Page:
On Wednesday afternoon, around 50 REI employees trudged through high grass and thistles to help the Whidbey Camano Land Trust clear invasive plants near Dugualla Bay.
The volunteers came to the island from the REI in Kent on a company-sponsored camping trip. It is common for these types of trips to include partnering with a local organization to do an environmental service project, said Greg Gausewitz, a product sustainability manager for REI.
“It’s always cool to see what we can do,” he said.
The land trust planted 3,500 native species at the Dugualla Bay site in the spring, and now are working to ensure invasive species don’t overrun the young plants. Kyle Ostermick-Durkee, a steward assistant with the land trust, said if the area isn’t properly maintained, then plants such as Canada thistle could take over nearly the whole area within a few years.
“It’s a big task for our volunteers,” Ostermick-Durkee said.
Typically, three or four volunteers from the land trust will work on the site with power tools, he said. When he heard how many volunteers from REI would be coming, Ostermick-Durkee said he knew he wanted them to work on this site.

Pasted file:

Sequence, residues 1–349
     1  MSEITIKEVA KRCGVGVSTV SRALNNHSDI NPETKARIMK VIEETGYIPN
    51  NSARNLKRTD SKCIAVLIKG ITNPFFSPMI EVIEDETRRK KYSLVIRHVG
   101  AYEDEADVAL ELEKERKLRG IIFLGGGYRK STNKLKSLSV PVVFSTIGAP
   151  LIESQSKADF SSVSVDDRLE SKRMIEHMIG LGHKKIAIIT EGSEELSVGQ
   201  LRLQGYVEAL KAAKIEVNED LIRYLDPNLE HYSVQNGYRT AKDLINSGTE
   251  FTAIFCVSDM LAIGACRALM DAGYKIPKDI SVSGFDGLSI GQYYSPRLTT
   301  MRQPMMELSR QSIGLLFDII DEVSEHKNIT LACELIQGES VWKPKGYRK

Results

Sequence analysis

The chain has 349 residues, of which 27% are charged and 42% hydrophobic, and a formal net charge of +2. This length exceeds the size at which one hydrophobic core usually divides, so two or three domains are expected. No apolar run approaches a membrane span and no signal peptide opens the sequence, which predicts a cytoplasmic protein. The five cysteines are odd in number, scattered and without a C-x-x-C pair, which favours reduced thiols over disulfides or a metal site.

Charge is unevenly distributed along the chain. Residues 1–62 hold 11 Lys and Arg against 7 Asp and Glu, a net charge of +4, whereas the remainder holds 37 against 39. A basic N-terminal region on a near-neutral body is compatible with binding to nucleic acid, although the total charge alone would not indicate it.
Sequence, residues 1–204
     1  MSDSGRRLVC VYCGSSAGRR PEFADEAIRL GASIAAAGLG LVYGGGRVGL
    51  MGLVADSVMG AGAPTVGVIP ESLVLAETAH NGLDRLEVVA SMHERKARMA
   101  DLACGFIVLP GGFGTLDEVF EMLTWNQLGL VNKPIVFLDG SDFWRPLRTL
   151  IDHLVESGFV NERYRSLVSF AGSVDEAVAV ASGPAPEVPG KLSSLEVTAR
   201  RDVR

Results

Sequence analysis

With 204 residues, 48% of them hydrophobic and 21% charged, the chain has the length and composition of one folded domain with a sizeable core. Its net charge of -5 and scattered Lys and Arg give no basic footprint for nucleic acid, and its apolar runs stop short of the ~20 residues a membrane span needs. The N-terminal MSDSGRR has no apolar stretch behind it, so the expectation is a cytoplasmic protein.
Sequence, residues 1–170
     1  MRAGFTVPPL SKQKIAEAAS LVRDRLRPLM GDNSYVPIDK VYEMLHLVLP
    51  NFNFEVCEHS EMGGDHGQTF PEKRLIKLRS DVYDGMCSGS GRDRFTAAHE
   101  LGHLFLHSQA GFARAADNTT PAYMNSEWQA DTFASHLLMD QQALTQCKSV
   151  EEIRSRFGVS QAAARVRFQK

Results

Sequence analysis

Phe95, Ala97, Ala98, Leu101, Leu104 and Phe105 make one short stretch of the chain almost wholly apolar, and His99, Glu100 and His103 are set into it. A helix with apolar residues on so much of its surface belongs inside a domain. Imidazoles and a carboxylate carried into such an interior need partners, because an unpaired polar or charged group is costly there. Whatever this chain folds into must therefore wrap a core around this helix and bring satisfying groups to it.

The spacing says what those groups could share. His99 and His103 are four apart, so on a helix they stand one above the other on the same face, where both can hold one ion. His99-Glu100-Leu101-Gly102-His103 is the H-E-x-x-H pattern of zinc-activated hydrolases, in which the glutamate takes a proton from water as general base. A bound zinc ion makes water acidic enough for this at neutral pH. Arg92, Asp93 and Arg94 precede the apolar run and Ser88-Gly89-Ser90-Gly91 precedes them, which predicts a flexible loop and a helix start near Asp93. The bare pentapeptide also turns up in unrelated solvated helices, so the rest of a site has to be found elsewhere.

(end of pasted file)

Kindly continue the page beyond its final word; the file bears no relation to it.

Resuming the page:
“A really large work party is even better than what three or four people can do with power tools,” he said.
The site is owned by the homeowners’ association Dugualla Community Inc. The land trust and the association have a conservation easement, which is a legal agreement that removes the development rights of the area and places restrictions to protect the wildlife. Per the agreement, the land trust takes care of the site at its own expense to improve the habitat for animals such as salmon, herrons and coyotes.
Although the native plants are growing well, Ostermick-Durkee said there is still a lot of work to be done.
“The planting is going well, but you have to stay on it, otherwise it won’t amount to much,” he said. “It takes a lot of work to see a restoration through.”